How Does Addiction Affect Families?
Substance abuse issues often are perceived as a private, personal battle, but the truth is that addiction is a family disease. As the user’s struggles begin to impede their ability to live and function normally, partners, children, parents, and other loved ones quickly find their lives altered. Watching family grapple with substance use causes emotional turmoil, and medical, financial, or legal consequences can mount as the effects of the disorder ripple into other parts of life. Regardless of who is struggling, all relationships in a family react and respond to the toll of substance abuse.
Spouses and romantic partners often bear the brunt of substance abuse disorders in a family. Behavioral changes that can arise as a result of addiction such as irritability, sudden mood swings, or emotional withdrawal can strain a relationship. In instances where substance use has begun to affect relationships with children, parents, or in the workplace, the spouse may find themselves making excuses or covering for their partner more and more. This shift risks them developing into an enabler, or the relationship lapsing into a codependent one.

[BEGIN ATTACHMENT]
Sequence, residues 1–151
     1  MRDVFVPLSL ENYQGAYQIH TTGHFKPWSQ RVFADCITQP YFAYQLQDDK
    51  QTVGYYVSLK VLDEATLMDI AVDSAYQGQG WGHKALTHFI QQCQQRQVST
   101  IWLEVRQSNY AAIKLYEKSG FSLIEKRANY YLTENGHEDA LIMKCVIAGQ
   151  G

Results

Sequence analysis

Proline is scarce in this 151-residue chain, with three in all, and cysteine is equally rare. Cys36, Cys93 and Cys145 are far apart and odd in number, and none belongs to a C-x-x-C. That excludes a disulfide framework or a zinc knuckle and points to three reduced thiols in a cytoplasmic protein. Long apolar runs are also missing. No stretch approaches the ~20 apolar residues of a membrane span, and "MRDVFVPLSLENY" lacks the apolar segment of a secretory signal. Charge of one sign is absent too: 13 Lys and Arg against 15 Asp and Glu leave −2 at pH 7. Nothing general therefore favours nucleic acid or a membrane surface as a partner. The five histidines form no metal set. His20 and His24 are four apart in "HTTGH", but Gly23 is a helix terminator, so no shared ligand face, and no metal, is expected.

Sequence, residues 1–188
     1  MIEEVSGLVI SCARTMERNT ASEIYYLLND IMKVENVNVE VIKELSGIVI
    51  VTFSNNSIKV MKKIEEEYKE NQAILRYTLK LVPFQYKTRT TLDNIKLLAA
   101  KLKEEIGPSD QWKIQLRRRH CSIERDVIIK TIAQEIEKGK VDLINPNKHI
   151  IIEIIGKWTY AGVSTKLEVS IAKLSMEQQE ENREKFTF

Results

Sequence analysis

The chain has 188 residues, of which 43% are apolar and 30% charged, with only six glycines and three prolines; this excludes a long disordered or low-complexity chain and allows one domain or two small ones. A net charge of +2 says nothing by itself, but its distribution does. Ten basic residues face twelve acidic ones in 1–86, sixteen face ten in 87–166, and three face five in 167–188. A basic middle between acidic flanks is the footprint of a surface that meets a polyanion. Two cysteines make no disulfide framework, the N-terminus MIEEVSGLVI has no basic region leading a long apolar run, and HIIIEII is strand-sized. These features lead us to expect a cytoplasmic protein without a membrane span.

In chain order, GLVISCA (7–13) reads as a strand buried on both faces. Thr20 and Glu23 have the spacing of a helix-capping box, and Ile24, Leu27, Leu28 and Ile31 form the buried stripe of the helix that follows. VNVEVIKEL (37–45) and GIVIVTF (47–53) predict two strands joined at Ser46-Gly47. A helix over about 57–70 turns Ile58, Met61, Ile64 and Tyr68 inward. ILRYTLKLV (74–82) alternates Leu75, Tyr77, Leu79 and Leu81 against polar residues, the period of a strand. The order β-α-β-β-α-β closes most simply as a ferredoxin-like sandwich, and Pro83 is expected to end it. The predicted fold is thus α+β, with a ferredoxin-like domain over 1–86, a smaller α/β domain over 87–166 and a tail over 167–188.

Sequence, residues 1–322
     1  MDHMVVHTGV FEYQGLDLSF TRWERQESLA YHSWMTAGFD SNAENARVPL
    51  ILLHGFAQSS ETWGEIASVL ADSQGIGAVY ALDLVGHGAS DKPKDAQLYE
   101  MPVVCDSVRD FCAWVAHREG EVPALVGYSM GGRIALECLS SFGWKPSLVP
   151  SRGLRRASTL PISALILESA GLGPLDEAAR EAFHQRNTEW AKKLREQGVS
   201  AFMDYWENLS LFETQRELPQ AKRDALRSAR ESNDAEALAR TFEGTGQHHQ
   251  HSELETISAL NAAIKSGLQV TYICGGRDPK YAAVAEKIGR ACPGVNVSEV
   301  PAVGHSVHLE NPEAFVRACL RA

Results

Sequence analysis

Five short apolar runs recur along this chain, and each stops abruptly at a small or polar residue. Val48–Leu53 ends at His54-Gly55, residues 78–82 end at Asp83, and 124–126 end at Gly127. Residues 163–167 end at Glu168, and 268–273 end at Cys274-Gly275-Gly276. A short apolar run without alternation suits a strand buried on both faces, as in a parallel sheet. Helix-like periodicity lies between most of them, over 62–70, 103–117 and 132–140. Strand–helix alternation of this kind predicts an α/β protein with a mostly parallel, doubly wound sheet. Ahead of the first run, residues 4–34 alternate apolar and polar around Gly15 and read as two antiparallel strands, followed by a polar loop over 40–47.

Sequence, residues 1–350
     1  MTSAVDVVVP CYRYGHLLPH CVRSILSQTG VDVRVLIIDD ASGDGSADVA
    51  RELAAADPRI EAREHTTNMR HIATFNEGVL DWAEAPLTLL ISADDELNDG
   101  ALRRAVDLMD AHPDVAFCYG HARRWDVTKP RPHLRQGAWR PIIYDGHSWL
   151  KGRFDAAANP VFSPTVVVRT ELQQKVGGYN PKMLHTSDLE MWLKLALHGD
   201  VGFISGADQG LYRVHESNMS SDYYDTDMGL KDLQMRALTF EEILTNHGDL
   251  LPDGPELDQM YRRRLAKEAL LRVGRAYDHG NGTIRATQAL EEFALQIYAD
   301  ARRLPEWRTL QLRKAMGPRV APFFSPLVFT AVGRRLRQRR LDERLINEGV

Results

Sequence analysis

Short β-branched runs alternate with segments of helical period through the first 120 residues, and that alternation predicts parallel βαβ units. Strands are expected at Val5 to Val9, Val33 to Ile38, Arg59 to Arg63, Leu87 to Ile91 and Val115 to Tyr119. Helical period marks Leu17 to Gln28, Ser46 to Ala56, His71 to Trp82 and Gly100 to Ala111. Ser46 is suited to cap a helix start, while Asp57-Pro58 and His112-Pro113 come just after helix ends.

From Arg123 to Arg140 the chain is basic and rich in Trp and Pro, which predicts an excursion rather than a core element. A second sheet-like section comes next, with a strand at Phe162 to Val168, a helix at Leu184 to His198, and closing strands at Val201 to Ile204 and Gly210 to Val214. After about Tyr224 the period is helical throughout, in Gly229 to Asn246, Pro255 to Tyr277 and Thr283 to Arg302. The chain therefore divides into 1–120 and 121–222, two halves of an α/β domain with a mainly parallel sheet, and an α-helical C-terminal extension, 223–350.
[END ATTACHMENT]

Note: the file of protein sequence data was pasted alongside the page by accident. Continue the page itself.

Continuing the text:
According to the National Institute on Drug Abuse, 25% of American children grow up in homes where substance abuse is present. Children who grow up in such environments are more likely to get addicted to drugs or alcohol themselves, and use substances earlier than peers who do witness substance abuse in the home. They are also 69% more likely to be depressed as adults than children with non-addicted parents, and are also more prone to anxiety as adults. Children exposed to substance use can be neglected or placed in unsafe situations which, if escalated to extremes, can lead to removal from the home and living with other family members or placement in foster care.
Like partners of users, parents may fall into a codependent relationship with their children who struggle from substance abuse as they try to protect them from the consequences of their disorder. They may also feel a responsibility or sense of shame when it comes to their child’s issues. For parents of adult users with children, this can cause an added emotional, mental, and financial strain as they worry for the wellbeing of their grandchildren or become their primary caregivers.
Addiction can harm a family, but luckily, there is help available. Individual treatment options and family therapy can rescue a user from the throes of addiction and set a family on the path to healing. If you or a loved one are in need of help, New Era Rehabilitation Center provides a comprehensive, community-focused recovery plan. We know that recovery takes a village and are glad to be of service. Reach out today to start the journey.